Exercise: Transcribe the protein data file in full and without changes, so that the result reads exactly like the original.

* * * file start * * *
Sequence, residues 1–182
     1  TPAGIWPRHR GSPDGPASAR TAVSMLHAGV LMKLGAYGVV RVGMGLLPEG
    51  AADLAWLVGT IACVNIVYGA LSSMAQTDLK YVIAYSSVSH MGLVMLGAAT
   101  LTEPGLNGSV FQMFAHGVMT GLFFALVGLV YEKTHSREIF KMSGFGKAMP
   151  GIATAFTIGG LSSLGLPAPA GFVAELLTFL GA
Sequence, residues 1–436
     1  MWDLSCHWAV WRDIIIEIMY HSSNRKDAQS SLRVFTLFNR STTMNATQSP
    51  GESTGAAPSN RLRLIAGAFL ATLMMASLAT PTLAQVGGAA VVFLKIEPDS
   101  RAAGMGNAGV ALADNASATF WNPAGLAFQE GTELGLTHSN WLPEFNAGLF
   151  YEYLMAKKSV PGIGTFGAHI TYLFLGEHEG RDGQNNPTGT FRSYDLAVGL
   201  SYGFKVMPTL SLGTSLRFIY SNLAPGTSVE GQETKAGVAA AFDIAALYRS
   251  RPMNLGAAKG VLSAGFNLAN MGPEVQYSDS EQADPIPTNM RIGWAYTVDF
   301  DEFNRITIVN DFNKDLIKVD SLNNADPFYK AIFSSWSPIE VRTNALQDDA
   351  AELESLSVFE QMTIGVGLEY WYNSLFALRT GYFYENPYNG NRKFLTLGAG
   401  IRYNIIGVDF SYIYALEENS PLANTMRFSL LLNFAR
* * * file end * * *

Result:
Sequence, residues 1–182
     1  TPAGIWPRHR GSPDGPASAR TAVSMLHAGV LMKLGAYGVV RVGMGLLPEG
    51  AADLAWLVGT IACVNIVYGA LSSMAQTDLK YVIAYSSVSH MGLVMLGAAT
   101  LTEPGLNGSV FQMFAHGVMT GLFFALVGLV YEKTHSREIF KMSGFGKAMP
   151  GIATAFTIGG LSSLGLPAPA GFVAELLTFL GA
Sequence, residues 1–436
     1  MWDLSCHWAV WRDIIIEIMY HSSNRKDAQS SLRVFTLFNR STTMNATQSP
    51  GESTGAAPSN RLRLIAGAFL ATLMMASLAT PTLAQVGGAA VVFLKIEPDS
   101  RAAGMGNAGV ALADNASATF WNPAGLAFQE GTELGLTHSN WLPEFNAGLF
   151  YEYLMAKKSV PGIGTFGAHI TYLFLGEHEG RDGQNNPTGT FRSYDLAVGL
   201  SYGFKVMPTL SLGTSLRFIY SNLAPGTSVE GQETKAGVAA AFDIAALYRS
   251  RPMNLGAAKG VLSAGFNLAN MGPEVQYSDS EQADPIPTNM RIGWAYTVDF
   301  DEFNRITIVN DFNKDLIKVD SLNNADPFYK AIFSSWSPIE VRTNALQDDA
   351  AELESLSVFE QMTIGVGLEY WYNSLFALRT GYFYENPYNG NRKFLTLGAG
   401  IRYNIIGVDF SYIYALEENS PLANTMRFSL LLNFAR